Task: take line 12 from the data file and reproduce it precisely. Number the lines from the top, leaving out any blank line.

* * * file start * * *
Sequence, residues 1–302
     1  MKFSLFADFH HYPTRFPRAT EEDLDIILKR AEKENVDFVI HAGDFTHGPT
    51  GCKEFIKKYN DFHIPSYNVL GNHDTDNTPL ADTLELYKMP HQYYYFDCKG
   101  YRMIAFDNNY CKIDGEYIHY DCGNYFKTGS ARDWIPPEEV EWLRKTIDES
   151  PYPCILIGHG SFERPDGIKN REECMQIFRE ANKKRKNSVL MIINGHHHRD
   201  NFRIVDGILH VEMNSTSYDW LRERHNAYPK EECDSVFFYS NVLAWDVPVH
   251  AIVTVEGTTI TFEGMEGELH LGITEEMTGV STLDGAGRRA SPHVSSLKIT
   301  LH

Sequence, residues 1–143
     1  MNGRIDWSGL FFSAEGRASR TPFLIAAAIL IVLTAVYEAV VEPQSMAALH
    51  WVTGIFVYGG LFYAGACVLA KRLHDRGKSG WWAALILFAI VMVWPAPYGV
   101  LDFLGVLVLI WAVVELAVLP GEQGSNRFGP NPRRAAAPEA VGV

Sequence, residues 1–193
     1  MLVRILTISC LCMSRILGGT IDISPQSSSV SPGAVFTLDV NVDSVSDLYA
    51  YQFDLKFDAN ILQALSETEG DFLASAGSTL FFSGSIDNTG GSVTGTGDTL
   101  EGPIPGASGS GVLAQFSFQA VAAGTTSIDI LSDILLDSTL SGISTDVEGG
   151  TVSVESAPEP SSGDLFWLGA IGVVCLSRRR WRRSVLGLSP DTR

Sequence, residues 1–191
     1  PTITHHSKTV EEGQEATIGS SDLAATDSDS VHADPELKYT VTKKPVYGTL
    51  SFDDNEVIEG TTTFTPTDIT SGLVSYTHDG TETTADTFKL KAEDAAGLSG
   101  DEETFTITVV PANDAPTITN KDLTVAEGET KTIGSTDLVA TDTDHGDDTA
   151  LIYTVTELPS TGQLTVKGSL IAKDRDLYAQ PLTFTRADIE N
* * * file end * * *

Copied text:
   101  LDFLGVLVLI WAVVELAVLP GEQGSNRFGP NPRRAAAPEA VGV